Why Did We Buy One With Feathers?
So earlier this year Missie the chunkamunk mare joined the family. She’s a great natured wee mare, very similar, in fact, to myself in character – eats a lots, doesn’t move unless she absolutely has to…
There’s just one drawback. A drawback we didn’t discover until the winter set in, and the rains came, and with the rains came mud, and with the mud came…
Missie’s wondrously flowing feathers, one of my favourite things about her, quickly became one of my least favourite.
One of my least favourite because these feathers drag mud EVERYWHERE! And when I say everywhere I mean everywhere. When you bring her in from the field madam likes to flick her feet, meaning your back ends up covered in mud and yuck. She then gets to her stable and shavings stick to the mud.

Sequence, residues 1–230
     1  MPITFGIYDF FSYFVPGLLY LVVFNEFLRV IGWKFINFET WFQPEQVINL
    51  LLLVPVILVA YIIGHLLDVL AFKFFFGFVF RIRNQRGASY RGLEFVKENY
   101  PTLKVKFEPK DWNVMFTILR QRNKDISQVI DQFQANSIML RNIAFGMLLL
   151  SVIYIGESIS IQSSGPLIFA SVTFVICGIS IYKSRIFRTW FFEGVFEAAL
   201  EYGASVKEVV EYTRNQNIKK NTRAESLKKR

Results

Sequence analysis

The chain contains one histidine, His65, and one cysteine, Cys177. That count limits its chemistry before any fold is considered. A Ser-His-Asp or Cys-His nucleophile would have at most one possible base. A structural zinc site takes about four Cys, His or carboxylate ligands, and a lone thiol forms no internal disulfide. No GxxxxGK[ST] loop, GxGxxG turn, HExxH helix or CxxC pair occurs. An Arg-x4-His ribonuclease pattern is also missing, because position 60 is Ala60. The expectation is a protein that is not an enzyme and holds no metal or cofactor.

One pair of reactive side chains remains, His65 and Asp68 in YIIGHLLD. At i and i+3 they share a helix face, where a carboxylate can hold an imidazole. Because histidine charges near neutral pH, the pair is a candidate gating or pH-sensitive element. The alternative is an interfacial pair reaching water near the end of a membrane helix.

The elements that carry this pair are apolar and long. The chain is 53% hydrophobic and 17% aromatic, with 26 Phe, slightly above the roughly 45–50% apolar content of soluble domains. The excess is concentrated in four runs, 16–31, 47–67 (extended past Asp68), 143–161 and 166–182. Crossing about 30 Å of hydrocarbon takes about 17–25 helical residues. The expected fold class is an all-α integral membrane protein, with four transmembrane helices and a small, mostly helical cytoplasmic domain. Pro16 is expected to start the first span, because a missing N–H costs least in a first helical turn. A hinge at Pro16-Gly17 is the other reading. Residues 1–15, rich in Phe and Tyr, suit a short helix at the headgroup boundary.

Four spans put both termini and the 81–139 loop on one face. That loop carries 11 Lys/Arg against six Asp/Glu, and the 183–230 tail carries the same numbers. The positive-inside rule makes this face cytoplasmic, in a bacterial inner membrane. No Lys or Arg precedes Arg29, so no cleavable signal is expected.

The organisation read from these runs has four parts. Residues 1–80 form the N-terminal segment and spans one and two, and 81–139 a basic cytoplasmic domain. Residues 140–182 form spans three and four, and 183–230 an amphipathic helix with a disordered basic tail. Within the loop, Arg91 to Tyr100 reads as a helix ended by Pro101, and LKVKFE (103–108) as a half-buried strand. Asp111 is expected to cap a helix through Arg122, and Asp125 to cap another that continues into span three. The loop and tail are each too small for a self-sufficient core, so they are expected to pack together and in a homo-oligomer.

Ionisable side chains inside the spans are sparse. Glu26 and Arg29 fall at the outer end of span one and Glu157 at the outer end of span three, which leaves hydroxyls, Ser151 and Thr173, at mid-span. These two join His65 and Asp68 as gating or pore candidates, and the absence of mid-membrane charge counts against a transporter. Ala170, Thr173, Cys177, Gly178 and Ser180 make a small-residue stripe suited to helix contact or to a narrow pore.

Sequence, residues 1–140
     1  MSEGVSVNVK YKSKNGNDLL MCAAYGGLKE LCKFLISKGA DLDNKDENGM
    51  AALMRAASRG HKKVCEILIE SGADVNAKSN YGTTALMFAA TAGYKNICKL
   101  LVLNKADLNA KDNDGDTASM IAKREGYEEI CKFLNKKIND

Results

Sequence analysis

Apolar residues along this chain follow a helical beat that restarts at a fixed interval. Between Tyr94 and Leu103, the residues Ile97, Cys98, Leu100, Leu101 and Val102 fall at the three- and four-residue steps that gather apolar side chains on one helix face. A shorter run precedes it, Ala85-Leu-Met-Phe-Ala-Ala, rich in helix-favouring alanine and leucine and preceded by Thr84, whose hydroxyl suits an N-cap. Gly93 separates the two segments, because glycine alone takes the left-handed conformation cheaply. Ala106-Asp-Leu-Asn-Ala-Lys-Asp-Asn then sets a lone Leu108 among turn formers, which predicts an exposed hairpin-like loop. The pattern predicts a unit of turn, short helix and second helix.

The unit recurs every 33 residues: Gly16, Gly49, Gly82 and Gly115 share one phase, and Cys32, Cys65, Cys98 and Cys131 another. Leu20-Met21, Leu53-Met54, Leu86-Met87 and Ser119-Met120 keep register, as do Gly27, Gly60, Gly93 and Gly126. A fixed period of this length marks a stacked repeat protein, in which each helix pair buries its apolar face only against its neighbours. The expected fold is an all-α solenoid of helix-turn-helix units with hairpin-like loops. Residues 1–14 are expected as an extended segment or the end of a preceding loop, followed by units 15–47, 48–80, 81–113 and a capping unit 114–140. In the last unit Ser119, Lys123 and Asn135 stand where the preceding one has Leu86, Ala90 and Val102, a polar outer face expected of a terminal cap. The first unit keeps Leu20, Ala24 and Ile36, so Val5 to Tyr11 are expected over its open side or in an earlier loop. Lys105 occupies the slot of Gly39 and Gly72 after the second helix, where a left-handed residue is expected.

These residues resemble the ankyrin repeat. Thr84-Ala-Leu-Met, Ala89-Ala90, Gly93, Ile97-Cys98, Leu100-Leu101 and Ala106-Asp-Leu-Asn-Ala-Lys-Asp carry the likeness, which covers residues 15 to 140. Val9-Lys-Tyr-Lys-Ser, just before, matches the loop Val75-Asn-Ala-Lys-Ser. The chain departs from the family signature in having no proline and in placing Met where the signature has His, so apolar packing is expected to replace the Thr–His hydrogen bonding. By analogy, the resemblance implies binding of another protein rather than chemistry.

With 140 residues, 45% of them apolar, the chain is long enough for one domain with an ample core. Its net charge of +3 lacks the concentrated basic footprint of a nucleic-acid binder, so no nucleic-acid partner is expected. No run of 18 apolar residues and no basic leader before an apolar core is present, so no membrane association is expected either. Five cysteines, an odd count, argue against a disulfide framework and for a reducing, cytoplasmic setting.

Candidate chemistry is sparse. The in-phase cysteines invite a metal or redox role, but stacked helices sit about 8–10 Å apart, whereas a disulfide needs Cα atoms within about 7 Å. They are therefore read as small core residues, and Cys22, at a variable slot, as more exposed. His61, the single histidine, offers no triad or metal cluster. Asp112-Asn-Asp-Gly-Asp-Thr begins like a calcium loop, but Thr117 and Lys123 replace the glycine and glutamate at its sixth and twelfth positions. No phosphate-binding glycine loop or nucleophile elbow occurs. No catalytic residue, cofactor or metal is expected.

Washing the mud off is a task of team work. Missie has a very bad habit of kicking out with her feet when you go near them. Not in a bad way mind you, I just think she doesn’t like having her feet touched or washed. She’s also an absolute bloody fidget. And so when you attempt to clean mud from her feet she paws and flicks her feet and moves out of reach of the hose, meaning you need a second person to stand there, shoving her big butt back within reach and checking her whenever she lifts her feet.
This, mixed with the difficulty of getting up every night in order to clean them has led to the mud setting and causing the feathers to matt into dreadlocks. Determined not to cut them, every time we’re up Mum now works for quite some time de-mattifying the feathers, one at a time.
With all this hassle I ask: why did we buy one with feathers?
To be fair, Missie is the first horse we’ve ever owned with feathers, and this is our first winter with her. Hopefully time and experience will aid us in discovering how to live with and extra hairy horse.
Do any of you have experience with a horse with feathers? How did you deal with the mud? Any tips or suggestions?
Post Inspired By: Dirty